He is by far the biggest name to hold the position, as he follows Buck Martinez (2006) and Davey Johnson (2009) in holding the post.
Torre is a logical choice, as he is now working in the MLB front office and will not be tied down with getting a team prepared during spring training when the Classic takes place.
He has plenty of experience managing All-Star games, and it seems like he has as good a chance as anyone of bringing a group of All-Star caliber players together as a team to make a run at winning the tournament this time around.
While it is still a ways off, here is a look at what the United States roster of 28 players could look like with Torre at the helm.
One of the most exciting all-around players in the game today, McCutchen would provide some much-needed speed to a roster that will likely be made up of an assortment of sluggers.
His superior defense would also give the team flexibility in terms of who plays where in the outfield on any given day.
With Chase Utley no longer the player he once was, and Robinson Cano a native of the Dominican Republic, Pedroia becomes the choice as the premier second baseman for this team.
He has as complete a game as anyone at the position; he is a perennial 20-20 threat, a .300 hitter and a two-time Gold Glove winner on top of that.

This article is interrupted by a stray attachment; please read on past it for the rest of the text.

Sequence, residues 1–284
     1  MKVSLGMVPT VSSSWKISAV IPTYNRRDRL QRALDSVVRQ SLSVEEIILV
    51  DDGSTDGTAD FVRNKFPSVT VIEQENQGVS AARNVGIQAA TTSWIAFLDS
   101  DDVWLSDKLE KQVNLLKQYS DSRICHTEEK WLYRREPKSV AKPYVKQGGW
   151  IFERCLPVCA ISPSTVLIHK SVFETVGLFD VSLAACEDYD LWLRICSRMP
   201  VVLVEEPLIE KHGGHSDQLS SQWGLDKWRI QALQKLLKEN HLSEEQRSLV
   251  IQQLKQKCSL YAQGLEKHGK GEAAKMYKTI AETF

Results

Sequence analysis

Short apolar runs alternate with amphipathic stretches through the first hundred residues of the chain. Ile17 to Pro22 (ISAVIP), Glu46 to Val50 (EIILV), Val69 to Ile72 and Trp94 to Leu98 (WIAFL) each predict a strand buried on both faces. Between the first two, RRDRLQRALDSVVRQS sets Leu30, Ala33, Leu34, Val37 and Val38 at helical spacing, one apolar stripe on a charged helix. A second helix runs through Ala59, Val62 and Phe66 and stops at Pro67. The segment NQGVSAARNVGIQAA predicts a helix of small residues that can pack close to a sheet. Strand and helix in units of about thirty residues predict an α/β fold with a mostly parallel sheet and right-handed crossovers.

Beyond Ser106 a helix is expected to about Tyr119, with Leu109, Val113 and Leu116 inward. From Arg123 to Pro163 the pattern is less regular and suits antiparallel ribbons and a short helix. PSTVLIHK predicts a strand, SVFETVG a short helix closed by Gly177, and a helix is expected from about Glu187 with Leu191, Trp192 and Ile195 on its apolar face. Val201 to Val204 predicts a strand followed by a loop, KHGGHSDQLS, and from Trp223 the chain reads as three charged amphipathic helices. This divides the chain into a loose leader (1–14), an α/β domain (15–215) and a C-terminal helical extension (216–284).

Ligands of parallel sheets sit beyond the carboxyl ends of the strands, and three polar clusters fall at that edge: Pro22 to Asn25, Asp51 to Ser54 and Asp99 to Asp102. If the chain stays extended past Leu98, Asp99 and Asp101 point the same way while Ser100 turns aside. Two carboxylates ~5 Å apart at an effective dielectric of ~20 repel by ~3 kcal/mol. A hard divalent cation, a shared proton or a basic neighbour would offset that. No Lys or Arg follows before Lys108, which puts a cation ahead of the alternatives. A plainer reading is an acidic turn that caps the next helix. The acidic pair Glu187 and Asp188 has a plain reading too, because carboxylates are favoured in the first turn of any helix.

When healthy, which he currently is not, Kemp is arguably the most dangerous player in the game today and a legitimate contender for a 40-40 season and more.
The Dodgers may not like their eight-year, $160 million investment playing in an exhibition series, but unless he is forbidden from doing so, expect him to anchor the U.S. lineup.
Hamilton currently leads the AL with 22 home runs and 62 RBI to go along with a .330 average. He has been phenomenal all season for the Rangers.
There is no better player to represent his country, and while his impending free agency could get in the way of things, he would be an obvious choice if he does end up interested in participating.
His reputation took a big hit this offseason when he tested positive for PEDs, and while it was inevitably overturned (albeit under shady circumstances), he has still not entirely won back the MLB world.
Nonetheless, he remains a shoe-in to make the team as he continues to be one of the game's most complete offensive players. He is off to a terrific .309 BA, 16 HR, 42 RBI, 11 SB start again this season.
First base is a deep position, and seeing as it is a safe bet that one of the two players who participated in the last WBC get the position (Kevin Youkilis and Adam Dunn), Fielder seems like the best choice.